Commencement Ceremonies at Allegheny College Celebrate the Class of 2022 and Two Distinguished Leaders

Allegheny College today honored 338 graduating students and presented honorary degrees to two distinguished leaders at Commencement ceremonies held on Bicentennial Plaza in the shadow of historic Bentley Hall.

Honorary doctorates of humane letters were conferred on Douglas Tallamy, Ph.D. — a 1973 Allegheny graduate and noted conservationist, entomologist and educator — and Henry “Hank” Thomas — a pioneering civil rights activist, successful businessman and community leader.

Douglas Tallamy, Ph.D., receives an honorary Doctor of Human Letters at the Commencement ceremony.
Douglas Tallamy, Ph.D., receives an honorary Doctor of Humane Letters degree at the Commencement ceremony.

Tallamy is the TA Baker Professor of Agriculture and Natural Resources in the Department of Entomology and Wildlife Ecology at the University of Delaware, where he has authored 106 research articles and has taught Insect Taxonomy, Behavioral Ecology, Humans and Nature and other courses for more than three decades. Chief among his research goals is to better understand the many ways insects interact with plants and how such interactions determine the diversity of animal communities. He speaks nationwide about his concerns that the approach to gardening must change, contending that the widespread planting of ornamental plants, native to other parts of the world, is creating ecosystem-wide problems.

One of four books Tallamy has authored, “Bringing Nature Home: How Native Plants Sustain Wildlife in Our Gardens,” was published by Timber Press in 2007 and was awarded the 2008 silver medal by the Garden Writers Association. “Nature’s Best Hope,” a New York Times bestseller, was released in February 2020, and his latest book, “The Nature of Oaks,” was released by Timber Press in March 2021. In 2021, he cofounded Homegrown National Park with Michelle Alfandari. His awards include recognition from The Garden Writer’s Association, Audubon, The National Wildlife Federation, The Garden Club of America and The American Horticultural Association.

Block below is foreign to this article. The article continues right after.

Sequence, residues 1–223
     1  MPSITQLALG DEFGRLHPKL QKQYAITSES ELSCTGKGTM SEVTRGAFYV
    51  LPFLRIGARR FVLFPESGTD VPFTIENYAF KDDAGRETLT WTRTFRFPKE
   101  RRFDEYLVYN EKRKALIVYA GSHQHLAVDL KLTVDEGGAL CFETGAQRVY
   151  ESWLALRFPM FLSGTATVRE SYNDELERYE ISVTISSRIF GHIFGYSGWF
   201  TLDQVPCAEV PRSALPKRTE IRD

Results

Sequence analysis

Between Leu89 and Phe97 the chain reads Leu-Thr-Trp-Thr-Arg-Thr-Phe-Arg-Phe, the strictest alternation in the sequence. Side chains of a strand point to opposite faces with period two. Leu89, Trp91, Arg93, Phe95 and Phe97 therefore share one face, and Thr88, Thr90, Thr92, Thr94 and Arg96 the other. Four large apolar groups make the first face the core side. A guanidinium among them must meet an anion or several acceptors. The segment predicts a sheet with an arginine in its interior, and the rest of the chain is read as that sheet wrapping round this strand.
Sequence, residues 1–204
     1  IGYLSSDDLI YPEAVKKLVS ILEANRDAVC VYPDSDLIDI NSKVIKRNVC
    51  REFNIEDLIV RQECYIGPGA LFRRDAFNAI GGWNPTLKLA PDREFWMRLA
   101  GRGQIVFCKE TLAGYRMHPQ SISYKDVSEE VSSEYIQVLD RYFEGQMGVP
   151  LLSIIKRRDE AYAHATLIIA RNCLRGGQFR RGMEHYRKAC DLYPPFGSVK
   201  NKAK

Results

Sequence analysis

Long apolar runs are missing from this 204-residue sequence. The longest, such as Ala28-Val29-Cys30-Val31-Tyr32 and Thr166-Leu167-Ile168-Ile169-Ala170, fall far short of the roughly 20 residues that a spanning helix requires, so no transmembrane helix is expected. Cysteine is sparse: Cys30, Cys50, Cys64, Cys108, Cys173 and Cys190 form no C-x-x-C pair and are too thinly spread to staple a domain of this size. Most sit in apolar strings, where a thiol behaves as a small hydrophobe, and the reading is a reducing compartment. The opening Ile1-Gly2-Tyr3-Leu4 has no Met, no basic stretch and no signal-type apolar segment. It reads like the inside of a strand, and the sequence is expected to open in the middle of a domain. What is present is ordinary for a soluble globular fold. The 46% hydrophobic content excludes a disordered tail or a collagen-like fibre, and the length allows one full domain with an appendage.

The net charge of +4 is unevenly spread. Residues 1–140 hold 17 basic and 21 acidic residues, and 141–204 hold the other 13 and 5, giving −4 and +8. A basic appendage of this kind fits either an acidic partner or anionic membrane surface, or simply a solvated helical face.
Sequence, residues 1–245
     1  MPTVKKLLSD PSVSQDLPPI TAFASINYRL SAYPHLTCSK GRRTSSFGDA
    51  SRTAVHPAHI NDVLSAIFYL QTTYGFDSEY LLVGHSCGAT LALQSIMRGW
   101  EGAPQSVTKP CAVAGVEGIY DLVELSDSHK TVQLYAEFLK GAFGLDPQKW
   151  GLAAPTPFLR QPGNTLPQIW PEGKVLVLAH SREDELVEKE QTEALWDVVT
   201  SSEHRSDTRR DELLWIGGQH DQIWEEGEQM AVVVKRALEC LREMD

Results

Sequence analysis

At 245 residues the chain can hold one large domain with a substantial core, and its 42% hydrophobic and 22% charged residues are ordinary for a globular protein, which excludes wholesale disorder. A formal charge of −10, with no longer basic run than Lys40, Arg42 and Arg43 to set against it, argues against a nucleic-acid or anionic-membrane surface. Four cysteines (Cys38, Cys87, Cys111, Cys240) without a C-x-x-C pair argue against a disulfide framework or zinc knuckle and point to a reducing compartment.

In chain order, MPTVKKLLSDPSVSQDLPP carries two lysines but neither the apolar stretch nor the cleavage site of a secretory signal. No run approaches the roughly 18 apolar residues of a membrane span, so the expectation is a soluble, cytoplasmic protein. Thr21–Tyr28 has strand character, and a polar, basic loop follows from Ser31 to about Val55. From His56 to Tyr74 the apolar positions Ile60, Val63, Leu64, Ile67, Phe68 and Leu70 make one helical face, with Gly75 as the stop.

Tallamy delivered the Commencement address, encouraging students to save the world by taking grassroots action to solve its biodiversity crisis. He said that an ecological approach to landscaping that emphasizes keystone native plants is “basic Earth stewardship. But it’s stewardship that empowers each one of you to become forces in conservation.”

Tallamy said that the graduates could support those efforts when they are landowners by replacing part of their lawns with keystone native plants and planting pollinator gardens. Or, even if they don’t own property, they can volunteer for land conservancies, parks or preserves.

“Whether you realize it or not,” Tallamy said, “you are nature’s best hope. And she’s counting on you.”

Hank ThomasThomas, who received his honorary degree virtually, is a civil rights activist who participated in protesting segregation laws and was a founding member of the Student Nonviolent Coordinating Committee. Over the course of his civil rights activism, Thomas was arrested 22 times. He then went on to serve in the Vietnam War as a U.S. Army medic and was awarded the Purple Heart for his service. After his tour ended, he and a business partner purchased and operated a laundromat. This success led Thomas to other business ventures, including acquiring restaurant franchises and owning several hotels.

Thomas has received numerous awards for his civil rights activism and his business achievements. In 2010, he was inducted into the Atlanta Business League Men of Influence Hall of Fame and received the 365Black Award given by McDonald’s Inc. In 2011, he was inducted into the International Civil Rights Walk of Fame. He is a lifetime member of the NAACP and served on the board of trustees for Morehouse School of Medicine.

Allegheny President Hilary L. Link addressed the graduating students, acknowledging the challenges that they faced during their college experience as well as the challenges that all of humanity has faced during the past two years. She noted that, amid the COVID-19 pandemic, the world has faced accelerating climate change, war, divisive elections and racial reckoning, among other complex, concerning issues. Link told graduates that they are leaving Allegheny with the tools to go out into the world, face challenges with courage and solve big global problems.

Student displays a diploma holder as she exists the commencement stage“Your Allegheny education, no matter what your major and minor, no matter what activities you were part of, no matter with whom you spent your time while here, will serve you as you go out into the world,” Link added. “The connections you have forged with faculty, and with staff, will serve you as you go out into the world.  The friendships that have sustained you during the fun times and the very hard times, will serve you as you go out into the world. And Allegheny College — your college — will always be here for you, as it has been here for 207 years’ worth of students before you.”

In closing, Link shared the traditional charge to the graduates: “Together as the Class of 2022 — as friends and colleagues, joined to generations past and future, move those tassels and proclaim to the world that you are today, tomorrow and always ‘Allegheny.’”